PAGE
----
—Stefanus Hendrianto, University of Notre Dame
The issue of standing appears to be relatively marginal in comparative constitutional law, because comparative constitutional scholars tend to see standing as a technical issue. For instance, in analyzing the recent U.S. Supreme Court decision, Whole Women’s Health v Hellerstedt, many legal analysts have missed an important aspect of the case; the question of standing, which became one of the central arguments in Justice Thomas’s dissent. Hellerstedt raises an important discussion on standing from a comparative constitutional law perspective. More importantly, it raises bigger issues of judicial role.
One of the central concerns of Justice Thomas in his dissent was that the majority did not question whether doctors and abortion clinics should be allowed to sue on behalf of Texas women seeking abortions. In Justice Thomas’s view, the Court allowed abortion clinics and doctors to invoke a constitutional right that did not belong to them. Justice Thomas thus raised an issue of third party standing. In the U.S. constitutional realm, a principle generally prevents standing when the asserted harm is a generalized grievance shared by all or a large class of citizens. This principle prevents an individual from challenging a statute by asserting someone else’s constitutional rights. Justice Thomas argues that the Court has shown a particular willingness to undercut restrictions on third party standing when the right to abortion is at stake.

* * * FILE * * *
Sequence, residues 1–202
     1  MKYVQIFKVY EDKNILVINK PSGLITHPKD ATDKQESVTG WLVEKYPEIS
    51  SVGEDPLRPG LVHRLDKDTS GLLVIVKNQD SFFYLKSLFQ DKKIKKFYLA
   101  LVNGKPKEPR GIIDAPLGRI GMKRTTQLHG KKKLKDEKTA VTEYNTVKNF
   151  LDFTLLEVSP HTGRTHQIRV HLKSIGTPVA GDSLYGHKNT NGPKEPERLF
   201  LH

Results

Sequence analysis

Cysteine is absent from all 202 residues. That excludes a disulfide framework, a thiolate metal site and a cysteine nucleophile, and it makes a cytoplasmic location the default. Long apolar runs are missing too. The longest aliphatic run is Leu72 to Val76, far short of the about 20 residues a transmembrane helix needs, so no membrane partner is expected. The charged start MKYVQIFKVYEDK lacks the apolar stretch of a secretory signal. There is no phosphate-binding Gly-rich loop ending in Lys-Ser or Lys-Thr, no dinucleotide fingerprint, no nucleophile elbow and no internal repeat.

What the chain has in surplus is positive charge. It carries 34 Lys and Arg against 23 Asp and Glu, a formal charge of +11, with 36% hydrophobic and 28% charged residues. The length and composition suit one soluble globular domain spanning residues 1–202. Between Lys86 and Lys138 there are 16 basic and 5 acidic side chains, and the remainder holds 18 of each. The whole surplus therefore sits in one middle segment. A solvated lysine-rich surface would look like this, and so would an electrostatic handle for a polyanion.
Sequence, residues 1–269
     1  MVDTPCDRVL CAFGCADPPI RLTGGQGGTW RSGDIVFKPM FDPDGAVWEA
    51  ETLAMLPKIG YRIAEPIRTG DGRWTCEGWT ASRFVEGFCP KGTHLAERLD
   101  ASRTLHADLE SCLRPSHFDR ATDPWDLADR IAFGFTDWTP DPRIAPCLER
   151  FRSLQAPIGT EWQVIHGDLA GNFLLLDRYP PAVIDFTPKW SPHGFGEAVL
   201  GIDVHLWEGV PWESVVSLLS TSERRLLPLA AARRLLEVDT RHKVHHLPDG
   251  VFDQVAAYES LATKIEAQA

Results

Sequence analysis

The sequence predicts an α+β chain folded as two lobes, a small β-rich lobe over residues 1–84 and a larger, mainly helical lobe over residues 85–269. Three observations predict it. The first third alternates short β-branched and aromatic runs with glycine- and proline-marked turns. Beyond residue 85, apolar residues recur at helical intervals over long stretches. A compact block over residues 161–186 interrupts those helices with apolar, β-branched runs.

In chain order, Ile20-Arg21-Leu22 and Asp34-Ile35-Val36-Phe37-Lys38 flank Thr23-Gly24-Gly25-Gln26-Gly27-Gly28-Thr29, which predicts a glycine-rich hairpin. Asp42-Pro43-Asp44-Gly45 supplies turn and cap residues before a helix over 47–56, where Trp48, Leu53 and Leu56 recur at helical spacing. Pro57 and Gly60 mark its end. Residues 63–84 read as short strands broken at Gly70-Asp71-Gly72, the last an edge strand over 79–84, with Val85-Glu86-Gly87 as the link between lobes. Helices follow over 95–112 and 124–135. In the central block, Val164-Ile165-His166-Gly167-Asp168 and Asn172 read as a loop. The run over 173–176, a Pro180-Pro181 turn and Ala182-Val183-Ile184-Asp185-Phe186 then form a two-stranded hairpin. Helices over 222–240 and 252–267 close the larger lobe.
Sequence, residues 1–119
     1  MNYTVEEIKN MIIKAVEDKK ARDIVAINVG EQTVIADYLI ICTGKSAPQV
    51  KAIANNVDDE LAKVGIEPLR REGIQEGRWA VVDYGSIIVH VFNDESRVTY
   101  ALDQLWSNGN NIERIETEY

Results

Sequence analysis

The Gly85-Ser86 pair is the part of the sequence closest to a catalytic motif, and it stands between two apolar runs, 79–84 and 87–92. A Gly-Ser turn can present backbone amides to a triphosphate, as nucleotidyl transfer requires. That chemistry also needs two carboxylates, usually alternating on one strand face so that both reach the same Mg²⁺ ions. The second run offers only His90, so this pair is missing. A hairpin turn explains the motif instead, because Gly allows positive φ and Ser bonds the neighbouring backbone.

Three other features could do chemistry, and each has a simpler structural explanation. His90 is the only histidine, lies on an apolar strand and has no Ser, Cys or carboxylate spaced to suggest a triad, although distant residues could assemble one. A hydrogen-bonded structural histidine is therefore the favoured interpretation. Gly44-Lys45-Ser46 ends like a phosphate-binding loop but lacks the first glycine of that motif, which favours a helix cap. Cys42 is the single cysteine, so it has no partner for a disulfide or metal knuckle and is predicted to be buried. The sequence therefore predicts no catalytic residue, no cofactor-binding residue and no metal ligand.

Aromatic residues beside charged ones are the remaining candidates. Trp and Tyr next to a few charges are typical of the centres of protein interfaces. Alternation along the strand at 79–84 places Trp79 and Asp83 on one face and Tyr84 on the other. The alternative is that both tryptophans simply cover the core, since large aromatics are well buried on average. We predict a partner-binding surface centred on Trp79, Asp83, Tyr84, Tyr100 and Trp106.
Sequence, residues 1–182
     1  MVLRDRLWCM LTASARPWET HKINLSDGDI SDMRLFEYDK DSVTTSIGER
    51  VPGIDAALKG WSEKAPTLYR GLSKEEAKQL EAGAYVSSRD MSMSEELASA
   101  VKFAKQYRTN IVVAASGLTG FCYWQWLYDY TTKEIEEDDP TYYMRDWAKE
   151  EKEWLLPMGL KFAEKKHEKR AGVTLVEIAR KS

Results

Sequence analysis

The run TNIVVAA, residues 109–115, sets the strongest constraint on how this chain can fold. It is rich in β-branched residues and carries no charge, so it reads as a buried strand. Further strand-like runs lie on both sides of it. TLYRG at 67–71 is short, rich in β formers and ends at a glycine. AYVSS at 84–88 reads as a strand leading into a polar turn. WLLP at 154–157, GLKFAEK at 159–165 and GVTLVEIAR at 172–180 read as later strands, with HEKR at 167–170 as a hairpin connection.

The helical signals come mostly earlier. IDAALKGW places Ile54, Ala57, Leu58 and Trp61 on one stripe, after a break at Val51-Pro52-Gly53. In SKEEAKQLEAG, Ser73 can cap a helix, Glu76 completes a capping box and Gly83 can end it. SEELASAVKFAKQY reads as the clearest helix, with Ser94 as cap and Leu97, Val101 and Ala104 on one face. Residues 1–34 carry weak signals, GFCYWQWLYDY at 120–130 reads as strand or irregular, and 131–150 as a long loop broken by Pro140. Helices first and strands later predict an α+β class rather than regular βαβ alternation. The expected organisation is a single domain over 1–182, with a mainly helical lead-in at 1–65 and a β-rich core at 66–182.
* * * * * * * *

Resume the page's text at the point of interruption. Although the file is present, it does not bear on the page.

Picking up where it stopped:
From a comparative constitutional law perspective, third party standing is not uncommon. There are variety terms to describe this mechanism such as actio popularis, jus tertii, or public interest standing. In many jurisdictions, anyone regardless of his or her own injury may file a challenge to a law that affects the public at large. In Israel, the Supreme Court has adopted the view that when the claim alleges a major violation of the rule of law (in its broad sense), every person in Israel has legal standing to sue. The Indian Supreme Court has been well-known for developing procedural rules for third party standing since the 1970s. The Indonesian Constitutional Court in its infancy ruled that anyone could come to the Court as a taxpayer, public defender  and has even held that every citizen has standing to raise constitutional issues.